Friday 20 January 2017

A Disabled Woman Was Told She Couldn’t Board A Bus Because There Was A Buggy In The Way

Kerdesan Gallardo

Kerdesan Gallardo was trying to get on the packed bus outside the Supreme Court in London when she was turned away because a buggy was in the priority space.

The disability campaigner had just minutes before watched as a new decree stating that wheelchair users should be given priority over mothers with baby buggies on buses was ruled.

Shocking footage shows Kerdesan, a member of the Transport For All campaign group, attempting to board the 148 to Shepherd’s Bush in her wheelchair.

She points out to the driver that an empty buggy in the priority space is blocking her from getting on. Kerdesan was told she was being ‘unreasonable’ by a bus passenger

But when the driver goes upstairs to find the mum, who appears to refuse to budge, passengers begin fuming at Kerdesan.

One woman says: “What I’m saying to you is you’re being unreasonable.

“Suppose the lady came downstairs and put her two kids in the buggy, what would you do? She’s a priority as well, she’s got two kids.”

As Kerdesan discusses the situation with media outside court, the mum removes the buggy from the space off camera.

Kerdesan Gallardo

The woman then says: “Come on the bus, we’re waiting for you. Come on the bus, you’re holding up the bus for everybody.”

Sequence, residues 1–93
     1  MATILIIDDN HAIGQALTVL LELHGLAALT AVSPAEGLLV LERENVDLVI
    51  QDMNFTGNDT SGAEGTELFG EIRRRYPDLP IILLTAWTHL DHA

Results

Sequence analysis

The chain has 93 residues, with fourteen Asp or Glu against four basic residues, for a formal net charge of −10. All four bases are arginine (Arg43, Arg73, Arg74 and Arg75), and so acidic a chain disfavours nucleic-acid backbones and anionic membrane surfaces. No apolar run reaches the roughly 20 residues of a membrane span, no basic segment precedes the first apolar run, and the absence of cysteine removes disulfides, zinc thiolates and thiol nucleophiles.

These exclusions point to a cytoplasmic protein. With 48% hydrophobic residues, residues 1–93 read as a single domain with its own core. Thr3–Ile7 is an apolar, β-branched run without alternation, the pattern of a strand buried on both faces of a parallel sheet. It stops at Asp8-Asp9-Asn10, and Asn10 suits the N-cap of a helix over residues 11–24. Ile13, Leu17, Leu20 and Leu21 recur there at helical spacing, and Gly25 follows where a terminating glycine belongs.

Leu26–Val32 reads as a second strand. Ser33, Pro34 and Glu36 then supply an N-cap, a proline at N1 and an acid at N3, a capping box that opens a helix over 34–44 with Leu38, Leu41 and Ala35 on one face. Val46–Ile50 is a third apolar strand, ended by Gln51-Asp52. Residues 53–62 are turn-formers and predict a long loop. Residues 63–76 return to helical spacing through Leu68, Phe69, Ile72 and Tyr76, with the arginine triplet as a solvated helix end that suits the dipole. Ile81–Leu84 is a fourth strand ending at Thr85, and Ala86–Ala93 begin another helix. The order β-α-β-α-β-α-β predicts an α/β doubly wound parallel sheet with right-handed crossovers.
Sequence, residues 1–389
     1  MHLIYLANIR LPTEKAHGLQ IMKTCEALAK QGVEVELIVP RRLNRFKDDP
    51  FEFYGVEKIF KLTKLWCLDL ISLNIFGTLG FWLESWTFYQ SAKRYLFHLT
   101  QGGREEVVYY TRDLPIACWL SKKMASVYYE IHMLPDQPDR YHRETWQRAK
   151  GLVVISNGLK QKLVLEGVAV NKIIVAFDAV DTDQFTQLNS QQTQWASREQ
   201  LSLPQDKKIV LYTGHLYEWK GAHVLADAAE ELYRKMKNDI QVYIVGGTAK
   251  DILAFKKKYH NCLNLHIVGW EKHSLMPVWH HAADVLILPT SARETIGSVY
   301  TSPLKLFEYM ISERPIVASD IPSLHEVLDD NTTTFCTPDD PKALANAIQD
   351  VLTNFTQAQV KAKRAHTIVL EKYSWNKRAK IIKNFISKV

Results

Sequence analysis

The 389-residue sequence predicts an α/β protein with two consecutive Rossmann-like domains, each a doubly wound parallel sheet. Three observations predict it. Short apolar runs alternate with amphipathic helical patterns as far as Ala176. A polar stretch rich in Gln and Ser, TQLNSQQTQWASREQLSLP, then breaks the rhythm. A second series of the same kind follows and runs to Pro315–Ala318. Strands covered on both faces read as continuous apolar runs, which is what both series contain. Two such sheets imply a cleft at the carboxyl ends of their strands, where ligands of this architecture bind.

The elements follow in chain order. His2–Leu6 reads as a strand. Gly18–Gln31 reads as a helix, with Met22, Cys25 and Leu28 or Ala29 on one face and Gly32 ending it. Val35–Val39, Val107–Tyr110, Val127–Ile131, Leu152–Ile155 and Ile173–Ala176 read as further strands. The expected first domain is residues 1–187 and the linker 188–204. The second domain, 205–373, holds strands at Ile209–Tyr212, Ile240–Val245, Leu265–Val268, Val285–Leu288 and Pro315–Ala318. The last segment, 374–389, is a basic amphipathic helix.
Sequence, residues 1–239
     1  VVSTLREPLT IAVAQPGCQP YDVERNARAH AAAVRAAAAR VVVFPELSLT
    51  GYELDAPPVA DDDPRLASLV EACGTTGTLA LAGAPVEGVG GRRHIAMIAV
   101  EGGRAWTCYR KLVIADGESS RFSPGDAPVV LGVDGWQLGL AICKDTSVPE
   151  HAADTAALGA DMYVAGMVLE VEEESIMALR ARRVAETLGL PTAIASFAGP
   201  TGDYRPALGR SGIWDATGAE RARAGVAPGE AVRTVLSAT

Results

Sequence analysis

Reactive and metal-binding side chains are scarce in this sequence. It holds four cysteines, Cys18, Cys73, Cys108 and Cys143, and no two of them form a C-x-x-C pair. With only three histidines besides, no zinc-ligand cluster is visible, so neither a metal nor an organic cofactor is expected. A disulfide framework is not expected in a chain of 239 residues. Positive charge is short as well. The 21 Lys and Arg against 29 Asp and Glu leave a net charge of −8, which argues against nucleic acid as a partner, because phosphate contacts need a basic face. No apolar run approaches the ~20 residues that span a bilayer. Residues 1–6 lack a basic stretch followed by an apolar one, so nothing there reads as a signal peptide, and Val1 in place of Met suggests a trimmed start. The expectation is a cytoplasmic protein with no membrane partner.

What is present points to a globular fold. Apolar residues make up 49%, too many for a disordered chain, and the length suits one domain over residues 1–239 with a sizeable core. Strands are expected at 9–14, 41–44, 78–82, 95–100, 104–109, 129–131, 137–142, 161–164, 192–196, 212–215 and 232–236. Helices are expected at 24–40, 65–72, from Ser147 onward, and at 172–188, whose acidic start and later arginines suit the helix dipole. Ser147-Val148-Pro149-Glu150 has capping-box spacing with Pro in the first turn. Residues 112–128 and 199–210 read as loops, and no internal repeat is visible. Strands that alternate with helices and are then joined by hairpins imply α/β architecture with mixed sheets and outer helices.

It comes after bus drivers were told they have to do more to force non-wheelchair users to vacate the priority space if a disabled person needs it.

Previously, the area was viewed as a first come, first served basis between the disabled, parents with children and elderly people.

The landmark case was started by wheelchair user Doug Paulley after he was left a bus stop because a woman with a sleeping baby refused to move her pushchair when asked by the driver.

Doug, from Wetherby, West Yorks, said outside court after winning the battle: “I am absolutely delighted. It has been a long fight.”

Kerdesan Gallardo

He had argued against FirstGroup’s policy of “requesting but not requiring” non-disabled passengers, including those with buggies, to vacate a space if it is needed by a wheelchair user.

The Supreme Court’s president, Lord Neuberger, said the policy of simply “requesting” was unjustified.

He said if a bus driver believes a person’s refusal to give up a space is unreasonable they should consider a further step to pressurise the traveller, depending on circumstances.

The Equality and Human Rights Commission, which supported the campaigner, said the Supreme Court decision was “a victory for disabled people’s rights”.



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